Children’s Eye Problems
Most eye problems are genetic in nature. While some genetic eye diseases don’t expose themselves until older age, it’s not uncommon for an eye condition to be present from birth. Because of this, it’s very important that eye screenings are performed during infancy, and throughout childhood.
Common Childhood Eye Conditions
- Lazy Eye: Lazy eye is a term referring to the condition known as Amblyopia. Amblyopia typically presents itself from a very young age, and is typically a problem with the brain, or optic nerve, not the structure of the eye itself. This conditions results in one eye being favored over the other due to a lower level of visual processing in one of the eyes. If untreated, the brain will start favoring the “good” eye more than the other to prevent blurring and distortion, and as one grows older, it is generally harder to permanently correct Lazy Eye. Treatment is usually performed by either correcting optical issues in the “bad” eye, or by simply patching the “good” eye, which forces more usage of the eye suffering from Amblyopia.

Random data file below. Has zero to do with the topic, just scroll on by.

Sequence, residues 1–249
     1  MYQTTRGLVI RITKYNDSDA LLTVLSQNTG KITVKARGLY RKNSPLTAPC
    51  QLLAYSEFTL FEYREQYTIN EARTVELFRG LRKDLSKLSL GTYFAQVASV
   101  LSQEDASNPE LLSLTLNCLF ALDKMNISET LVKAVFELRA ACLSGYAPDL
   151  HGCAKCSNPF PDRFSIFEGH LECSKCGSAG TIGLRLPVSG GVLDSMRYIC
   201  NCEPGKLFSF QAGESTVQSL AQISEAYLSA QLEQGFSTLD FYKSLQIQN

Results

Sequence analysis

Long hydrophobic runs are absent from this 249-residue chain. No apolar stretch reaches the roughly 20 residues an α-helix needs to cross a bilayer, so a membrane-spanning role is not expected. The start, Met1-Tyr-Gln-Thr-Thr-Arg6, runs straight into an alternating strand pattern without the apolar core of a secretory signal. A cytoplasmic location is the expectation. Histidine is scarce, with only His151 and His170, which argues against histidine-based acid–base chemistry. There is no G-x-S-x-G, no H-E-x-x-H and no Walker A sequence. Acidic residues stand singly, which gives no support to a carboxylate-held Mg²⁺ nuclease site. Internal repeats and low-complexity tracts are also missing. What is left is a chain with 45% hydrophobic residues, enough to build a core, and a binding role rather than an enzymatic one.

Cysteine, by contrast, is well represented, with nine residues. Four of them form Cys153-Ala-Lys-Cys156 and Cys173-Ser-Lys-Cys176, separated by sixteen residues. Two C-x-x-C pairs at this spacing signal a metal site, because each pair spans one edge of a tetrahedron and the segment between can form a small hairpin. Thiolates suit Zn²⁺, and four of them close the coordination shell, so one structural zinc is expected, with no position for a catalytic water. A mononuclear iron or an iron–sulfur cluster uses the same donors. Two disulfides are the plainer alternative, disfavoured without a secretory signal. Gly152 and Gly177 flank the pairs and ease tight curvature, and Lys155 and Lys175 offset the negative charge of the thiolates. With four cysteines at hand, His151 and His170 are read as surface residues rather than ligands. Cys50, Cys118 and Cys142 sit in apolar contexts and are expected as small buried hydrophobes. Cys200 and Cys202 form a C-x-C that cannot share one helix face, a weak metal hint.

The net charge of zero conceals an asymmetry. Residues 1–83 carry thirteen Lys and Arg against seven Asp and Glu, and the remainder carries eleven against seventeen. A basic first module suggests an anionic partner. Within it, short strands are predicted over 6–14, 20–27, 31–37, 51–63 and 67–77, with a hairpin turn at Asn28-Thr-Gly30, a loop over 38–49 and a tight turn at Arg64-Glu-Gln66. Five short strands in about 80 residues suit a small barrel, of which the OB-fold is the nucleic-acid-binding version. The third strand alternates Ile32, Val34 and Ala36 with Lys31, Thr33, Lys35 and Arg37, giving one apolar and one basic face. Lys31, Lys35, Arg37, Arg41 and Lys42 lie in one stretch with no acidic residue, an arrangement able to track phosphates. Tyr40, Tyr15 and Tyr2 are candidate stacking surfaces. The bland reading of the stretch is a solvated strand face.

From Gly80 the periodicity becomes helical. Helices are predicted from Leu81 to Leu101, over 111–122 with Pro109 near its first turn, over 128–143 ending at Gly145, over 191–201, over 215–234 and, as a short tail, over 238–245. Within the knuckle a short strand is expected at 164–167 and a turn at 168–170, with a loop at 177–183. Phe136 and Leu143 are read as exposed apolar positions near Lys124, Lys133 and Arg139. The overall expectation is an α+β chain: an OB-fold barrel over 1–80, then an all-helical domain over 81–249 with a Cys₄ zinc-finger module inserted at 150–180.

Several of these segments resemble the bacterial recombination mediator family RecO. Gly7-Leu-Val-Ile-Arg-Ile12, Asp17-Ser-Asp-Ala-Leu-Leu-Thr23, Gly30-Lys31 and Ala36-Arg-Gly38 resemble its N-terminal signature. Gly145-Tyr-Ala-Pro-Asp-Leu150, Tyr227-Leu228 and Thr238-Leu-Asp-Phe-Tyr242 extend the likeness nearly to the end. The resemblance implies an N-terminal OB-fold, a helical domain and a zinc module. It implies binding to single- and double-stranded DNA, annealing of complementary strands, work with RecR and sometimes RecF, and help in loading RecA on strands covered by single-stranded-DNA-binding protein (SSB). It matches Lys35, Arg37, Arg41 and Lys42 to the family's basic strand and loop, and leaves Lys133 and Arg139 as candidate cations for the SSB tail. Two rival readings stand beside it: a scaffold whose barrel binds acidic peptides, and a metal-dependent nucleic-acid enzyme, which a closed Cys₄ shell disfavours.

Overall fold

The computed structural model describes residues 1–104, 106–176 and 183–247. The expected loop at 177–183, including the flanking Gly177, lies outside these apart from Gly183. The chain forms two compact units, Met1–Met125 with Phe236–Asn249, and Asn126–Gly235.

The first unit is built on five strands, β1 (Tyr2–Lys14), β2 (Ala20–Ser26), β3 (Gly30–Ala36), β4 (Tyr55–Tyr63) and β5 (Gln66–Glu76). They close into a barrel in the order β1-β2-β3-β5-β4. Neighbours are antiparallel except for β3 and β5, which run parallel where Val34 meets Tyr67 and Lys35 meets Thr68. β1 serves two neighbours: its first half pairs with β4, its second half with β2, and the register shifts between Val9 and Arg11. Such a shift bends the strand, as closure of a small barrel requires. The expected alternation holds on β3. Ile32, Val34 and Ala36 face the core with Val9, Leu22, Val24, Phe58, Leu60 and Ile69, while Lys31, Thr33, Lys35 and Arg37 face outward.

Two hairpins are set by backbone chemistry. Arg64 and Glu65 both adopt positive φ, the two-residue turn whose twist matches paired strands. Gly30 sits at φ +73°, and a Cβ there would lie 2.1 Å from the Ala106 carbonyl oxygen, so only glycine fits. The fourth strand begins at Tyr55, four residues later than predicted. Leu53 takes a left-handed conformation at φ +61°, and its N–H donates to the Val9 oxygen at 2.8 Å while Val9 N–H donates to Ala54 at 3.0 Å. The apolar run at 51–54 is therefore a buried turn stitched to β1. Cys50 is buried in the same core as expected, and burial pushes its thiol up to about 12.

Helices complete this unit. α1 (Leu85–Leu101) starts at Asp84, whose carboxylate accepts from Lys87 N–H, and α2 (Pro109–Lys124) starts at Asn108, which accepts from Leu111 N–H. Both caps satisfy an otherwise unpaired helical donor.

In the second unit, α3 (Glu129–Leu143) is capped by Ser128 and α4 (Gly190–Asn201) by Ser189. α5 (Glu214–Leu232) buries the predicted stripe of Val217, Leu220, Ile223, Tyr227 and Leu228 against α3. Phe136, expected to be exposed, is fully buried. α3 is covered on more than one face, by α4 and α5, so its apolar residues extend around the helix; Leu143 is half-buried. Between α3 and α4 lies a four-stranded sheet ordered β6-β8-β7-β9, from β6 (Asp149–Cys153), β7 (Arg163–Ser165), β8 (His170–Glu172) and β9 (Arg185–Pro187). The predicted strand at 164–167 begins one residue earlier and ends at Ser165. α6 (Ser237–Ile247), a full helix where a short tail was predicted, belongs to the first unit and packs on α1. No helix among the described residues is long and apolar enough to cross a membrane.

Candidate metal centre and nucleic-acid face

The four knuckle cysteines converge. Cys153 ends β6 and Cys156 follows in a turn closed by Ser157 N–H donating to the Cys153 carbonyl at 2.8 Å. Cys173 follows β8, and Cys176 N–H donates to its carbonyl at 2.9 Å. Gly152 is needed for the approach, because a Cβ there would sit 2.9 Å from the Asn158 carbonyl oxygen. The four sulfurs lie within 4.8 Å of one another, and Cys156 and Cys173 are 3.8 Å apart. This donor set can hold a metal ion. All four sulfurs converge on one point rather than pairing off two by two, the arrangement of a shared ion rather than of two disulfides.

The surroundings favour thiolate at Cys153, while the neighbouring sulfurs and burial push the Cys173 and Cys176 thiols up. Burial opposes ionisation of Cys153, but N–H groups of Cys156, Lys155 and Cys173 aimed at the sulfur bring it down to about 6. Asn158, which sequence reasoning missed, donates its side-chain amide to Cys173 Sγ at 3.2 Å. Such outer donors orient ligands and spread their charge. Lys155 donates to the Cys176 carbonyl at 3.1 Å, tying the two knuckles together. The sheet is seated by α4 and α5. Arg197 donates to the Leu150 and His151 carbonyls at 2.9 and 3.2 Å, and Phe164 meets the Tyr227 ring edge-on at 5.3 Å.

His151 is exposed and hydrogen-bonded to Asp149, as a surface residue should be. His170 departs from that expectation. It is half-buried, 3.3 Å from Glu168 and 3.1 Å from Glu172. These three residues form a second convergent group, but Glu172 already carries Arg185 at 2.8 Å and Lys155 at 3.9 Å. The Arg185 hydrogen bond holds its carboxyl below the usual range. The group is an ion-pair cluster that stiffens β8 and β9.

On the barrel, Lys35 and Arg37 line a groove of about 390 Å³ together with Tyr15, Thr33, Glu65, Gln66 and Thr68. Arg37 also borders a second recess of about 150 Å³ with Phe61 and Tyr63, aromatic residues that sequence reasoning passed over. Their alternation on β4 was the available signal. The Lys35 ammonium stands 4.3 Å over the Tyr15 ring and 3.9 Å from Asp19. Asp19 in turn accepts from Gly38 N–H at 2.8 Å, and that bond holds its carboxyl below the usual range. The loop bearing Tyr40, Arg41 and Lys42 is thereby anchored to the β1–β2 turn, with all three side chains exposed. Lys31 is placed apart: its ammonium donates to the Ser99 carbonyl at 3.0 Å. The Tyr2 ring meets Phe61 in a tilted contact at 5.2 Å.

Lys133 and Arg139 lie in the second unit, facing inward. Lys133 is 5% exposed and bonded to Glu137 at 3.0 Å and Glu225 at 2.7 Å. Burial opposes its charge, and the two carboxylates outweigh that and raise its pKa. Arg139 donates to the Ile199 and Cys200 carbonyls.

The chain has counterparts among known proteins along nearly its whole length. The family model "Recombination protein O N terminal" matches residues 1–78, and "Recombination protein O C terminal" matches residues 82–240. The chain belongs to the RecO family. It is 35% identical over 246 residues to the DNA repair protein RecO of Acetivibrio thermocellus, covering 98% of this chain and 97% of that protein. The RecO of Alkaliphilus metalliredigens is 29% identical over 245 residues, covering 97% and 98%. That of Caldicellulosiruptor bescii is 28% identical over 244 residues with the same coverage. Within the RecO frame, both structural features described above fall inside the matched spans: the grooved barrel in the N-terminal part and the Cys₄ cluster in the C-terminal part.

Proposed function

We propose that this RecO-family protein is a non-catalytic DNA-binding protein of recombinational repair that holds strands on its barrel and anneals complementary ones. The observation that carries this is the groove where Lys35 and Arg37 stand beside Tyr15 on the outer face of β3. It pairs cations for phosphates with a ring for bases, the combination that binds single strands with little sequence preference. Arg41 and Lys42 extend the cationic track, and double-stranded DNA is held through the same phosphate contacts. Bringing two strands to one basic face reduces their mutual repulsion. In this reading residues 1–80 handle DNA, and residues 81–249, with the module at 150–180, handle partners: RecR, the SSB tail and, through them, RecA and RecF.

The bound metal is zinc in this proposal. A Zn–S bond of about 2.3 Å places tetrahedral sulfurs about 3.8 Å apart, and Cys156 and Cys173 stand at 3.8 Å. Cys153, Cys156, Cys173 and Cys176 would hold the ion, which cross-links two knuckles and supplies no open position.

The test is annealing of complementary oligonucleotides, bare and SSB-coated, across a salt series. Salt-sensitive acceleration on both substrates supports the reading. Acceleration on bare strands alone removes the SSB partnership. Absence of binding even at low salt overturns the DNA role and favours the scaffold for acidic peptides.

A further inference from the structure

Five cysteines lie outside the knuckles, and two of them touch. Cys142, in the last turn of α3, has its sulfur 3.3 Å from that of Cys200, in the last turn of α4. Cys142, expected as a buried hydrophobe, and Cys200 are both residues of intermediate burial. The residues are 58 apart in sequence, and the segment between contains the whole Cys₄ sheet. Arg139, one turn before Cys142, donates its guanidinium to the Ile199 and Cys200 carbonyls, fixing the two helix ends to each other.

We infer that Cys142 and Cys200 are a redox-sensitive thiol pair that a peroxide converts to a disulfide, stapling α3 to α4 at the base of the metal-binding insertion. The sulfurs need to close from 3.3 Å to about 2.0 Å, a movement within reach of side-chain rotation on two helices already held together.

- Color Blindness: Color blindness is largely caused by genetic predisposition, although it can be caused by diabetic retinopathy, macular degeneration, or other accidents which result in the swelling of the brain. Color blindness typically only results in partial loss of color vision, although in some cases, can result in complete loss of color vision. Color blindness will typically become known as one starts to learn about colors as a child. There are no known cures for color blindness, and while it can make some careers and aspects of life more difficult, most who experience color blindness enjoy a normal quality of life similar to those who see in full color.
- Myopia, Astigmatism and Hyperopia: Myopia, Astigmatism, and Hyperopia can happen at any given time, but frequently will start to become prevalent from childhood to young adult age. Much like with adults, these conditions are corrected using standard corrective lenses, either via eye glasses, or via contacts. Many children will show early signs of these conditions by having difficulty focusing, having a hard time adjusting to reading, and sitting very close to a television. If your child is experiencing any of the above problems, make sure to set a vision appointment for them to see if they have a correctable condition.